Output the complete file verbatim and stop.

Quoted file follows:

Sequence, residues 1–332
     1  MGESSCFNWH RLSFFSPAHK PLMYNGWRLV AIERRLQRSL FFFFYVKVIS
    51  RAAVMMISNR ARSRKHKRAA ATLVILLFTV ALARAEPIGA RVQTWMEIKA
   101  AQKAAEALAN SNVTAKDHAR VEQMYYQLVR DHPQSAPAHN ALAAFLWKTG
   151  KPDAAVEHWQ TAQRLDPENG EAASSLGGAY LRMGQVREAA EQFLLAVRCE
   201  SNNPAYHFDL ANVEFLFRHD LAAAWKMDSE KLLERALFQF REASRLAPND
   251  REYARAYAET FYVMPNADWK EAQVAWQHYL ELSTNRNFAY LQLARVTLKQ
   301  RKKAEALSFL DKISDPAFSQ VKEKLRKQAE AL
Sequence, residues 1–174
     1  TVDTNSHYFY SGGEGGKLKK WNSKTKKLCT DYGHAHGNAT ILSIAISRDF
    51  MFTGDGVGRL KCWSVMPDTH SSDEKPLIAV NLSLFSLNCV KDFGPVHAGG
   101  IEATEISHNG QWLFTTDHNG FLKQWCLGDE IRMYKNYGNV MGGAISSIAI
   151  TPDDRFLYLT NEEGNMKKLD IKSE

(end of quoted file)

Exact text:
Sequence, residues 1–332
     1  MGESSCFNWH RLSFFSPAHK PLMYNGWRLV AIERRLQRSL FFFFYVKVIS
    51  RAAVMMISNR ARSRKHKRAA ATLVILLFTV ALARAEPIGA RVQTWMEIKA
   101  AQKAAEALAN SNVTAKDHAR VEQMYYQLVR DHPQSAPAHN ALAAFLWKTG
   151  KPDAAVEHWQ TAQRLDPENG EAASSLGGAY LRMGQVREAA EQFLLAVRCE
   201  SNNPAYHFDL ANVEFLFRHD LAAAWKMDSE KLLERALFQF REASRLAPND
   251  REYARAYAET FYVMPNADWK EAQVAWQHYL ELSTNRNFAY LQLARVTLKQ
   301  RKKAEALSFL DKISDPAFSQ VKEKLRKQAE AL
Sequence, residues 1–174
     1  TVDTNSHYFY SGGEGGKLKK WNSKTKKLCT DYGHAHGNAT ILSIAISRDF
    51  MFTGDGVGRL KCWSVMPDTH SSDEKPLIAV NLSLFSLNCV KDFGPVHAGG
   101  IEATEISHNG QWLFTTDHNG FLKQWCLGDE IRMYKNYGNV MGGAISSIAI
   151  TPDDRFLYLT NEEGNMKKLD IKSE